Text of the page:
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Cardiff University

Country: United Kingdom
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2,480 Projects, page 1 of 496
  • Funder: UKRI Project Code: ES/D001595/1
    Funder Contribution: 241,393 GBP
    Partners: Cardiff University

    Abstracts are not currently available in GtR for all funded research. This is normally because the abstract was not required at the time of proposal submission, but may be because it included sensitive information such as personal details.

  • Funder: UKRI Project Code: 2747067
    Partners: Cardiff University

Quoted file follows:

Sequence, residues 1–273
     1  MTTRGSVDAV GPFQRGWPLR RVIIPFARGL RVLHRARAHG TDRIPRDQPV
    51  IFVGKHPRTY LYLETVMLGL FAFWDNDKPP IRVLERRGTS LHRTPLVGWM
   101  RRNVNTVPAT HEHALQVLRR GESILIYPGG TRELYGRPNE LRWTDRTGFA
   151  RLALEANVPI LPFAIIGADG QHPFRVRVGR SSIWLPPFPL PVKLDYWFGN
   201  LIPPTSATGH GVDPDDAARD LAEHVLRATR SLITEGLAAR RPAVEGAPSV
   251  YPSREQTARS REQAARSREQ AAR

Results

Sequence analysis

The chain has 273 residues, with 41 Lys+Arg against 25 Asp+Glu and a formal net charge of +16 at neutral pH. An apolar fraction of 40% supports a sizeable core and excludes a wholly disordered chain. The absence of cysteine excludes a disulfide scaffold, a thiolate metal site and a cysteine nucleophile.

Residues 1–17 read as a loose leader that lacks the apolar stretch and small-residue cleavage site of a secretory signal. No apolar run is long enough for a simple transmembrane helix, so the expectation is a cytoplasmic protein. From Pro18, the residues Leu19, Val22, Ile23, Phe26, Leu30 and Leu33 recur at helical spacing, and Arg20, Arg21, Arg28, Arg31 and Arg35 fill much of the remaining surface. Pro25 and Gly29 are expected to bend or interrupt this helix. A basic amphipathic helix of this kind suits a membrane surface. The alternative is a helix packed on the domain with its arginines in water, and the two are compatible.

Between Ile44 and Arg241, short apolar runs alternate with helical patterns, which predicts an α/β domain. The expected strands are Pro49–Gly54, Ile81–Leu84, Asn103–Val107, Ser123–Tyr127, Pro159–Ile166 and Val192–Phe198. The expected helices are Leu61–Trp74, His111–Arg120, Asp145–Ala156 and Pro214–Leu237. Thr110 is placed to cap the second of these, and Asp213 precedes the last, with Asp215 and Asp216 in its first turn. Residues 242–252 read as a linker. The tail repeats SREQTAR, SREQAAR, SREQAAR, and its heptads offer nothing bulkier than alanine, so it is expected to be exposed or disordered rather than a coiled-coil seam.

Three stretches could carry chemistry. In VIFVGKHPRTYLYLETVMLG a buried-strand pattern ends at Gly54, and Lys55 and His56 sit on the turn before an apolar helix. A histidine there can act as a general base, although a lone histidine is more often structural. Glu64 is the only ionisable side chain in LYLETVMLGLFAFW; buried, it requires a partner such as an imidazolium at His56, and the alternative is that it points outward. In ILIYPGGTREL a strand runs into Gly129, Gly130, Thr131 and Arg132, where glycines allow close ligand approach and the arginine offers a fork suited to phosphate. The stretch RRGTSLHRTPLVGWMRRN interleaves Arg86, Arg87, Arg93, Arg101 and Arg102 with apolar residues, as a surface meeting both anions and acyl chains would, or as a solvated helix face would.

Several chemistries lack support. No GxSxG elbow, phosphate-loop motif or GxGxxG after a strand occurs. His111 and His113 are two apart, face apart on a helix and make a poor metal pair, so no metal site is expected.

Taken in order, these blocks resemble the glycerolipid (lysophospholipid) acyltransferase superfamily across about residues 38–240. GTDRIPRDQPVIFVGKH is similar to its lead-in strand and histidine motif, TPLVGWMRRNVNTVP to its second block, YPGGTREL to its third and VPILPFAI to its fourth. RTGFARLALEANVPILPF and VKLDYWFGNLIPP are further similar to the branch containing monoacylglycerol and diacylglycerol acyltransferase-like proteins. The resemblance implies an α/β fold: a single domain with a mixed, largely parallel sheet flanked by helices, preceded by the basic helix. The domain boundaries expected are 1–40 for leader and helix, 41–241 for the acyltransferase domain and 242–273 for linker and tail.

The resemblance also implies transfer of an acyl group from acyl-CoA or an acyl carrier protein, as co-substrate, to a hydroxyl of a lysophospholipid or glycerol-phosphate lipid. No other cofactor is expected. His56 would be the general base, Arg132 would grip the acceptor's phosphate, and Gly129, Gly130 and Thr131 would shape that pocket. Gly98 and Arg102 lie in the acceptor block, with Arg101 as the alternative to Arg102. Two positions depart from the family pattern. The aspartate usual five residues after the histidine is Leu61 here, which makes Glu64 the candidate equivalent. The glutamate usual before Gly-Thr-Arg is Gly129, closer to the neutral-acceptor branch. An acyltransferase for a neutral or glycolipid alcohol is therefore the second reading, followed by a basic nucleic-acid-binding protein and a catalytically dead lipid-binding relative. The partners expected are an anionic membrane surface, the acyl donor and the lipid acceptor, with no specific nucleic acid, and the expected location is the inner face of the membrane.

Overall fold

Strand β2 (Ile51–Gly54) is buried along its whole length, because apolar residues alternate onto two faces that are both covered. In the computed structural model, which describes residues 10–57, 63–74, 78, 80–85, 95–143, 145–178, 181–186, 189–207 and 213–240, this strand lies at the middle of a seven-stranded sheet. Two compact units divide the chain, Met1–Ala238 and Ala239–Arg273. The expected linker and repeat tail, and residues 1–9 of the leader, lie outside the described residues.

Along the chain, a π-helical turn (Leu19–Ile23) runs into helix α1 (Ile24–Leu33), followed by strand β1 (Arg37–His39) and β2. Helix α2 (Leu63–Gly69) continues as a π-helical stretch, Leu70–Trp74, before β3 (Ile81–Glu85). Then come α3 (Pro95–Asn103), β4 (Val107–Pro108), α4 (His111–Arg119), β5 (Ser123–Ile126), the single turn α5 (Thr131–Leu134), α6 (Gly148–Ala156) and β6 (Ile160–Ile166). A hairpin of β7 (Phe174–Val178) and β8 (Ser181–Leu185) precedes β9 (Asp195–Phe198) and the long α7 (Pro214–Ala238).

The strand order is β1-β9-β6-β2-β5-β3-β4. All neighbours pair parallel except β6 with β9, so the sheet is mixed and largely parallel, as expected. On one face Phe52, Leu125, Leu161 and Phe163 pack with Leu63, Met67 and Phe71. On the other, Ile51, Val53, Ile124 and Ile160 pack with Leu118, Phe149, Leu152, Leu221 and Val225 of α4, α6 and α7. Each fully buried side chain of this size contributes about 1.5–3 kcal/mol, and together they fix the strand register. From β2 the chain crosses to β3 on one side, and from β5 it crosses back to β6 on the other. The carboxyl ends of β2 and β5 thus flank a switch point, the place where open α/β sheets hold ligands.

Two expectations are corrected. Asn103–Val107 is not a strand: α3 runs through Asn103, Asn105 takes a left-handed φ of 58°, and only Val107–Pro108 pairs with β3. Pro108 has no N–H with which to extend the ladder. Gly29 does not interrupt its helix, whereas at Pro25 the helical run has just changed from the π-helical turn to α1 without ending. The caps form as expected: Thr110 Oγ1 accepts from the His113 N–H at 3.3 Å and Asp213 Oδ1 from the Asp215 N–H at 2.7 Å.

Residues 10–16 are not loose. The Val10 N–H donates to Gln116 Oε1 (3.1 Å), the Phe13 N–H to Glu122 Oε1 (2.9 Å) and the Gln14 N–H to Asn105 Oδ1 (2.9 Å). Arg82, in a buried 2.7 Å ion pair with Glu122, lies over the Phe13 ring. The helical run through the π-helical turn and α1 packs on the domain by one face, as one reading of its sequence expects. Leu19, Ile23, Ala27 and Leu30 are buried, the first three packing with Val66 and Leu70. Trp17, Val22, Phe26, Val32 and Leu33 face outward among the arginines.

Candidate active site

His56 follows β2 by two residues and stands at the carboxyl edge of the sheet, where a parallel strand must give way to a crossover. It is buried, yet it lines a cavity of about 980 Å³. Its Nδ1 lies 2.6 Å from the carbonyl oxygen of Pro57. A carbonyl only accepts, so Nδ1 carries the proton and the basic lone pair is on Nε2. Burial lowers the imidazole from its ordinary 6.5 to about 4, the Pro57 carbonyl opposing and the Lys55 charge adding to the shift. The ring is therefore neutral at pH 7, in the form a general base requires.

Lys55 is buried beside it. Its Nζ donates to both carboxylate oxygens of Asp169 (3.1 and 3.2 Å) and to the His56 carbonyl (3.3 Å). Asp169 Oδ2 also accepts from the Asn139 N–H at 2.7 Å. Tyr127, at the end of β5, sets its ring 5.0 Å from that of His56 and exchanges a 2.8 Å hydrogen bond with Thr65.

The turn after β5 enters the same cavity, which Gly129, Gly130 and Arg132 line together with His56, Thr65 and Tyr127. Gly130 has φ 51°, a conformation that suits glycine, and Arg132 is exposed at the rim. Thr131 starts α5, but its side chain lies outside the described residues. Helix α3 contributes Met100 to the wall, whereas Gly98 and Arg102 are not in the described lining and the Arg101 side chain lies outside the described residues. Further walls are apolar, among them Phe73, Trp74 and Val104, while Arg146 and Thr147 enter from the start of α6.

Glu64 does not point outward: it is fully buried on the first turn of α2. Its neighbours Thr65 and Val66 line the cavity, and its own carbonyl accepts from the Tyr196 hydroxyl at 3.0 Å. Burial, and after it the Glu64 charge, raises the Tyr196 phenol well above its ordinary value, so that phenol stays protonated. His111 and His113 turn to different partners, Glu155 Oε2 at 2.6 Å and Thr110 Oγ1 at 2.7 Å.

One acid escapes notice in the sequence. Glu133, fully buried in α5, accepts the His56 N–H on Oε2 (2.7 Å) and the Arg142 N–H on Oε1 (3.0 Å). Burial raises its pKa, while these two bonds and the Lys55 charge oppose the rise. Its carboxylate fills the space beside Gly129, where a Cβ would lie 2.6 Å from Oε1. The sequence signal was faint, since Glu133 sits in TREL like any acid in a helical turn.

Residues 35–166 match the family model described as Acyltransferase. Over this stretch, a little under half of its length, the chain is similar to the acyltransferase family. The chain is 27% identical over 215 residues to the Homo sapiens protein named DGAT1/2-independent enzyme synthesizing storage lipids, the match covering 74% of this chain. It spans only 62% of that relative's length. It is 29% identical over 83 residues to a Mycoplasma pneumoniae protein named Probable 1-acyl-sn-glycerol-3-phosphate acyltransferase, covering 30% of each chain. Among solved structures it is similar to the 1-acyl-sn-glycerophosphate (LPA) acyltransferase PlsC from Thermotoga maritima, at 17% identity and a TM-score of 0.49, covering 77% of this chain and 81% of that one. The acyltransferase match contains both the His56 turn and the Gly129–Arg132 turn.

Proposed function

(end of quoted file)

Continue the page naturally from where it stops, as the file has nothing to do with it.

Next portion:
Vocabulary and oracy confidence are essential for children to develop and apply language across contexts, yet research on these areas for primary teaching and Welsh-English bilingualism appears minimal (Oracy APPG 2021; Jones 2017). This research therefore centres teacher development, exploring key linguistic components for effective bilingual vocabulary and oracy teaching toward informing guidance materials. Investigations centre lexical semantics (word meanings), metacognition (recognising thought processes) and oracy (speaking and listening), identifying key interconnections between lexical semantics, morphology, syntax, etymology and phonology for vocabulary teaching, oracy skill development and dialogic practice across the curriculum (Alexander 2018; Breadmore et al. 2019; Mercer and Manion 2018; WG 2020). This aligns with Welsh Government and English-Speaking Union prioritisations by promoting explicit oracy and vocabulary teaching strategies and confidence (ESU 2016). Research Question: What guidance do Wales 'Primary school teachers need to develop pupils' vocabulary and oracy confidence in English and Welsh across the curriculum? Sub-questions: 1. What current knowledge and metacognition do teachers have of vocabulary, relating to breadth and depth, including: morphology, etymology, semantics, and syntax? 2. How are English and Welsh teaching time balanced toward increasing oral confidence and vocabulary repertoires? 3. How are word meanings and applications taught in English and Welsh? d) Which strategies are applied to explicitly teach and assess vocabulary and oracy? Toward answering these, methodology includes: Teacher surveys using Likert scales and open questions on teacher confidence and understanding of linguistic terminology and Welsh/English teaching(Dornyei 2010)(N=40). Semi-structured teacher focus groups on planning, confidence and development needs(N=24). Observations of English and Welsh teaching (N=6)(Copland and Creese 2015). Creating and piloting guidance materials in schools. Teacher fidelity and anonymous child case studies will be sought to determine effectiveness post-study, alongside repeated surveys and focus groups (Dobinson and Dockrell 2021). The study should gain foundational insights toward future research needs, and positive links with schools. Alexander, R. 2018. 'Developing dialogic teaching: genesis, process, trial 'Research Papers in Education.33(5). pp:561-698 Breadmore, H.L; Vardy, E.J.;Cunningham, A.J; Kwok, R.KW; Carroll, J.M.2019.Literacy Development: Evidence Review. London: Educational Endowment Foundation Copland, F. and Creese, A. 2015. Linguistic Ethnography: Collecting, Analysing and Presenting Data. London: SAGE Dobinson, K.L. and Dockrell, J.E. 2021.'Universal strategies for the improvement of expressive language skills in the primary classroom: A systematic review'. First Language.41(5). pp:527-554. Dornyei, Z. 2010. Questionnaires in Second Language Research: Construction, Administration and Processing. London: Routledge. English Speaking Union (ESU). 2016. Speaking Frankly: The case for Oracy in the curriculum. London: ESU. Jones, B. 2017. 'Translanguaging in Bilingual Schools in Wales' Journal of Language, Identity and Education. 16(4) pp:199-215[Online]Available at: https://doi-org.abc.cardiff.ac.uk/10.1080/15348458.2017.1328282 [Last accessed 01/02/22] Lesaux, N.K.; Kieffer, M.J; Faller, S.E. and Kelley, J.G. 2010. 'The Effectiveness and Ease of Implementation of an Academic Vocabulary Intervention for Linguistically Diverse Students in Urban Middle Schools'Reading Research Quarterly.45(2). pp:196-228 Mercer, N. and Mannion, J.2018.Oracy Across the Welsh Curriculum. A research-based review: key principles and recommendations for teachers. Cambridge: Oracy Cambridge. Oracy APPG. 2021. Speak for Change: Final Report and Recommendations from the Oracy All-Party Parliamentary Group Inquiry. London: APPG